Iroquois Confederacy and the U.S. Constitution was developed and is maintained by Portland State University. This curricular unit looks at the influence of one Native American culture on the Founding Fathers’ ideas about democracy, governmental structures, the rights of the individual, and the public good. These lessons for high school and college students can help teachers develop a comparison of the Iroquois Confederacy's Great Law of Peace and the U.S. Constitution.
Minnesota Youth in Government is a nationwide YMCA program for middle school and high school students. Focused on promoting understanding of local, state, national, and international concerns, the site helps students research interaction with adult and youth leaders involved in decision-making and develop an understanding of political systems and the forum they provide for effective, peaceful resolution of issues. Parts of the site are based on model Assembly and United Nations programs.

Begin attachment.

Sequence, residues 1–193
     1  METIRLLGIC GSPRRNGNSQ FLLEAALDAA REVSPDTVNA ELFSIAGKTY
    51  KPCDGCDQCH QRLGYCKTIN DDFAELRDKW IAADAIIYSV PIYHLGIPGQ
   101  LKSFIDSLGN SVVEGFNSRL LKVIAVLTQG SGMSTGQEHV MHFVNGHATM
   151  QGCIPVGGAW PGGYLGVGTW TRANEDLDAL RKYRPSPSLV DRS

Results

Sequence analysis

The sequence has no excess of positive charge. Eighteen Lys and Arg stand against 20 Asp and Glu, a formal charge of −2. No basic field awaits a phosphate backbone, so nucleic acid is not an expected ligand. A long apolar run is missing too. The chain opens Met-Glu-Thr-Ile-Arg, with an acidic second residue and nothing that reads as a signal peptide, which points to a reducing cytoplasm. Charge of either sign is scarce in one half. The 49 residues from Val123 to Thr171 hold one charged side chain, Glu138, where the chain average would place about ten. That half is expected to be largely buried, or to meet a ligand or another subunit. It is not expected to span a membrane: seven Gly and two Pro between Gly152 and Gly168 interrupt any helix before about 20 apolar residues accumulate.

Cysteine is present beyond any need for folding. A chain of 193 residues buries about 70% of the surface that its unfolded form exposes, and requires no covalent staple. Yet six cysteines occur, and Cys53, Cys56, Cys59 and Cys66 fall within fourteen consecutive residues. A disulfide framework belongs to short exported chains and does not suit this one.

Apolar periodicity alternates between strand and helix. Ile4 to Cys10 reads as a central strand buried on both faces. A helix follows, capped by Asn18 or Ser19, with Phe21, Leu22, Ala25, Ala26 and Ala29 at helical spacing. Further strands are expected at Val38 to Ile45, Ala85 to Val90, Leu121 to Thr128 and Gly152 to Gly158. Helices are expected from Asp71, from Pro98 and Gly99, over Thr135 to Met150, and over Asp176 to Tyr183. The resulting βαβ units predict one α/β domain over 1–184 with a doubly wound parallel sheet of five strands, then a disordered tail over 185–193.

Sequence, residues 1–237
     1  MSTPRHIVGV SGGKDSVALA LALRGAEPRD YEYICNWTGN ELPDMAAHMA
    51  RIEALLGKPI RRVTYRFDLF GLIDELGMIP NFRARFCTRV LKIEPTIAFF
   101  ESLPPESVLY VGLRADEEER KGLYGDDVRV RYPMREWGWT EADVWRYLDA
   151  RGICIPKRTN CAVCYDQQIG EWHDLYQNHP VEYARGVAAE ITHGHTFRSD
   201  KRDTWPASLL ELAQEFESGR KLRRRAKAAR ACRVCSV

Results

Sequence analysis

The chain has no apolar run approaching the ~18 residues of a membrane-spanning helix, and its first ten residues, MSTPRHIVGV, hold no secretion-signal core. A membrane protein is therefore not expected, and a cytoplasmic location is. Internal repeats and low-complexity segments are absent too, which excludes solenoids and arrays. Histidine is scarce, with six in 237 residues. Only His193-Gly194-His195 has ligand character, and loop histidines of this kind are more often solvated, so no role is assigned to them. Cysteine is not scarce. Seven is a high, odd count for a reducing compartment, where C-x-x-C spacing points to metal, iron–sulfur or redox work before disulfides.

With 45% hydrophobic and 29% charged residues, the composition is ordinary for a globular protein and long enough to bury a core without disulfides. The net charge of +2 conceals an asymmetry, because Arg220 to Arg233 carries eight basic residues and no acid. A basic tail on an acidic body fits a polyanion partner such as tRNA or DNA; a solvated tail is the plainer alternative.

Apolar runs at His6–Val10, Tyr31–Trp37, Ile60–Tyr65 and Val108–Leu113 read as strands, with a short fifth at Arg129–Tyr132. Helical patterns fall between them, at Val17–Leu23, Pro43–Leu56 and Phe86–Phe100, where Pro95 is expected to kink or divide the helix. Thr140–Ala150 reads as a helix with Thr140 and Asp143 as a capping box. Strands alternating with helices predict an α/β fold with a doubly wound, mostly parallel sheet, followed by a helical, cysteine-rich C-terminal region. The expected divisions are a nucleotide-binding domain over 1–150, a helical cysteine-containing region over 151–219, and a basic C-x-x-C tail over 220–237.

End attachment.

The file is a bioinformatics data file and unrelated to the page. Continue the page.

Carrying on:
The Democracy in Action Web site provides information about some of the founders of democracy and fosters the expression of democracy through student government. Students can learn about Thomas Jefferson and George Washington, see examples of student government, learn about democratic places and symbols, find links to more information, and respond to and post their views on democracy and student government. Maintained by ThinkQuest, this site is suitable for upper elementary and middle school classes.
The Impeachment Process describes how this process works in the United States, showing why no one is above the law in the U.S., not even the president. A detailed process description and quick reference guide are provided, along with a gallery of impeached presidents that includes information about how impeachment affected presidents Andrew Johnson, Richard Nixon, and Bill Clinton. The site was a 1998 ThinkQuest Internet Challenge winner and is suitable for middle and high school students.